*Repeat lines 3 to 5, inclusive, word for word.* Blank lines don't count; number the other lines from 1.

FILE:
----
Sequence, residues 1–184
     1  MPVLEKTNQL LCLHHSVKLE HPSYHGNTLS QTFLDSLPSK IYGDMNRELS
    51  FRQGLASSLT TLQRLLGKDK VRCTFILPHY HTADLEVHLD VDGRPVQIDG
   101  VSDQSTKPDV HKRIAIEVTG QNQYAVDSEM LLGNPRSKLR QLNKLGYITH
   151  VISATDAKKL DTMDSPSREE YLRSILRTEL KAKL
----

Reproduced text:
    51  FRQGLASSLT TLQRLLGKDK VRCTFILPHY HTADLEVHLD VDGRPVQIDG
   101  VSDQSTKPDV HKRIAIEVTG QNQYAVDSEM LLGNPRSKLR QLNKLGYITH
   151  VISATDAKKL DTMDSPSREE YLRSILRTEL KAKL